Artisanal fishing vessel. (Photo: Unearthed)
Few families hold 29pct of UK’s fishing quota, Greenpeace reveals
Friday, October 12, 2018, 01:20 (GMT + 9)
An investigation carried out by Greenpeace Unearthed project has determined that more than two-thirds of the UK’s fishing quota is controlled by just 25 businesses – and more than half of those are linked to one of the biggest criminal overfishing scams ever to reach the British courts.
As part of its investigation, the association traced the owners of more than 95 per cent of UK quota holdings.
The report shows that in England nearly 80 per cent of fishing quota is held by foreign owners or domestic Rich List families, and more than half of Northern Ireland’s quota is hoarded onto a single trawler.
The news comes as the government is preparing to publish a new fisheries bill, which will set the legal foundations for the UK’s fishing industry after Brexit.
According to Unearthed journalistic team, small scale fishermen told them that successive governments have mismanaged fishing rights, allowing quota to be consolidated on a handful of supertrawlers while smaller-scale, low impact fishermen had been progressively starved of access.
But while the government is hoping it can net access to more fishing rights in the Brexit negotiations, it has said the new bill will not see any redistribution of the UK’s existing quota rights.
As Unearthed’s investigation shows, this will leave the bulk of UK fishing rights in the hands of a small domestic elite and a handful of foreign multinationals.
The investigation also finds how many of those at the centre of one of Scottish fishing’s most infamous episodes – the black fish scandal – continue to dominate the industry.
In 2005 Scottish officials discovered schemes to systematically evade quota restrictions for mackerel and herring, using underground pipes, secret weighing machines, and extra conveyor belts to land 170,000 tonnes of over-quota fishover several years.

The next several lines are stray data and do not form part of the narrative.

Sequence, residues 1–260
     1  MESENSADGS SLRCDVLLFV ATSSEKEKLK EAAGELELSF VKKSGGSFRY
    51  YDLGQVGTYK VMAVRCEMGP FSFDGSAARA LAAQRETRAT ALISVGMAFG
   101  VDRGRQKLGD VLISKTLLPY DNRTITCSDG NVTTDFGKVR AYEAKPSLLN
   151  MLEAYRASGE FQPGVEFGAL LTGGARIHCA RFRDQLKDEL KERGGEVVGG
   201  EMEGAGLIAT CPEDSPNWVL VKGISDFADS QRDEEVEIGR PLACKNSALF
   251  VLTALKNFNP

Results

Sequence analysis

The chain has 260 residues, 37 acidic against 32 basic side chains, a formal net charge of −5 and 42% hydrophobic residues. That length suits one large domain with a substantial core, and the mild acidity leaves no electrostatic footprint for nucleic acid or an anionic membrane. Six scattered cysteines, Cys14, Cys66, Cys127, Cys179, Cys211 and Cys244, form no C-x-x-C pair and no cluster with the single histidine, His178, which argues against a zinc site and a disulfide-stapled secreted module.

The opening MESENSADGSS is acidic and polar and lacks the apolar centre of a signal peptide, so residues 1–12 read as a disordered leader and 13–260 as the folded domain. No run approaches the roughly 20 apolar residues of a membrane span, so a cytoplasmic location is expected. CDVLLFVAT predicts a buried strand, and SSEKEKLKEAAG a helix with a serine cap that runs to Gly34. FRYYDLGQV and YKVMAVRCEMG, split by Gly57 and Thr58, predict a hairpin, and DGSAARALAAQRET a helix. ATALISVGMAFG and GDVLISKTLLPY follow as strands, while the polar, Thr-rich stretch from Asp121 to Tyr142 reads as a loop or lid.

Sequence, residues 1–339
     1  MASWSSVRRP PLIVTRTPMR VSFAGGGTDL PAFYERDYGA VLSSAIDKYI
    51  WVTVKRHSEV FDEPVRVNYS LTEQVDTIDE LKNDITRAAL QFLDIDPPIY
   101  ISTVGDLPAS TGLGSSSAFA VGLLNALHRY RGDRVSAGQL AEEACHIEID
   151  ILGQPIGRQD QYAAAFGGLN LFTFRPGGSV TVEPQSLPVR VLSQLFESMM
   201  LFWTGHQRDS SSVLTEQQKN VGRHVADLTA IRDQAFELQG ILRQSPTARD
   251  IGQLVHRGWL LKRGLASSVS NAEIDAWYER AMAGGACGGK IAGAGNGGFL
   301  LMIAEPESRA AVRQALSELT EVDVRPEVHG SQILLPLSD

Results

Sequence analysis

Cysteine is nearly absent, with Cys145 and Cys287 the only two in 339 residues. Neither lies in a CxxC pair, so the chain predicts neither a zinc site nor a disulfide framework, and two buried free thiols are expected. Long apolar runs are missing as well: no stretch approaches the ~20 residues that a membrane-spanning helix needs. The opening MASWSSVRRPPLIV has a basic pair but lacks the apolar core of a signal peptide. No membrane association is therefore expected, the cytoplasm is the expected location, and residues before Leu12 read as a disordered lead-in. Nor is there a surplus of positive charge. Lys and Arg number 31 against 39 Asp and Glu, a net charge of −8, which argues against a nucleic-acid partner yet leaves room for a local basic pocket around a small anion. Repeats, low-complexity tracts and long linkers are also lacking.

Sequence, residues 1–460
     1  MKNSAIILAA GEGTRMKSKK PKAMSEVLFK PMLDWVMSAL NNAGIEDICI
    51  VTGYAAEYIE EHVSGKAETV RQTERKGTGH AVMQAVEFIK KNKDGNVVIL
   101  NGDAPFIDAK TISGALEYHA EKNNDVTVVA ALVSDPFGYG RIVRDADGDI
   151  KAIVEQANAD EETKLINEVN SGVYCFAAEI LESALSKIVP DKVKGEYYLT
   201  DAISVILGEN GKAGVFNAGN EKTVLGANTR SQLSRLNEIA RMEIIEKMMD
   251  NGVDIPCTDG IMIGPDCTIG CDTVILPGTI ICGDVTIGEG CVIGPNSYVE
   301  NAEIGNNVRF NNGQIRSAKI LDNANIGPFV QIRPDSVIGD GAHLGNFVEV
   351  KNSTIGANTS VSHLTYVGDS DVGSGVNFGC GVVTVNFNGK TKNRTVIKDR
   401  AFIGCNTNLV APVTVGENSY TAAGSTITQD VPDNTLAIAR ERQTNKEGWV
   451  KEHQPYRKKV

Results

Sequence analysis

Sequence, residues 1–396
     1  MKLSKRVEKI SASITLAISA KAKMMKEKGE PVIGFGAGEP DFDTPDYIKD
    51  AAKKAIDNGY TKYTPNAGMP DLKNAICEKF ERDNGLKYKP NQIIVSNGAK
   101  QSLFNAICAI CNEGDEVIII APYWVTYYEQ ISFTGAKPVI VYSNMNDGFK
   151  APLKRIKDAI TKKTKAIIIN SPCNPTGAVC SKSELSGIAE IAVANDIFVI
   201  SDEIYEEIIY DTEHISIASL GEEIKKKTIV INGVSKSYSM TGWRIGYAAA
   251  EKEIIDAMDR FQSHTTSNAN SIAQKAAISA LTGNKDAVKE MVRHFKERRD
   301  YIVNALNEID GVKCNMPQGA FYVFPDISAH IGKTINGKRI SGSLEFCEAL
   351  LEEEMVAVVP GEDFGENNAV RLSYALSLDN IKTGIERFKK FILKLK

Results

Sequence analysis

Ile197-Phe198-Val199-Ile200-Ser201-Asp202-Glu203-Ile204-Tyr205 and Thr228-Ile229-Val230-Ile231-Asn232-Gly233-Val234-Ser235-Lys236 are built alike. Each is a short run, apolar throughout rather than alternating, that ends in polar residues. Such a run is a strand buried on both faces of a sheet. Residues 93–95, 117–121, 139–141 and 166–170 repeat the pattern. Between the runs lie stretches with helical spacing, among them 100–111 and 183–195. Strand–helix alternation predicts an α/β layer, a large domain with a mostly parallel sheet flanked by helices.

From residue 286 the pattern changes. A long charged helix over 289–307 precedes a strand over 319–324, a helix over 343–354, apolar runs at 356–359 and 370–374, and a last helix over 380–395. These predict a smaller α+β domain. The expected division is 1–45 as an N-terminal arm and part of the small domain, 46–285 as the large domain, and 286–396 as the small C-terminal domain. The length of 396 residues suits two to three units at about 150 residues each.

A multi-year police investigation followed, resulting in a series of court cases over 2011 and 2012 in which three fish factories and more than two dozen skippers were hit with fines and confiscation orders for “black landings” of undeclared fish.
Unearthed’s investigation found that of the 20 biggest holders of Scottish quota, 13 have directors, shareholders, or vessel partners who were convicted of sea fishing offences in the black fish scandal.
The organisation highlights that the Christina S, involved in the black fish scandal, was among the flotilla of vessels that sailed up the Thames with Nigel Farage to protest EU fisheries policy weeks before the Brexit referendum.
In this regard, John Anderson, chief executive of the Scottish Fishermen’s Organisation, told Unearthed: “The pelagic fishermen and processors involved will be the first to acknowledge that, in the past, mistakes were made.”
As a result, he continued, the sector had founded the Scottish Pelagic Sustainability Group to oversee the certification of its main fisheries to Marine Stewardship Council (MSC) standards. Since that time, he added, “98 per cent of the group’s stocks have been certified as sustainable and well managed by the MSC.”
On the other hand, a spokeswoman for the Department for Environment, Food and Rural Affairs said: “We are clear fishing communities and our wider economy should benefit as much as possible from those fishing the UK’s quota, and we are working closely with fishermen to review and reform the rules around the economic link condition.”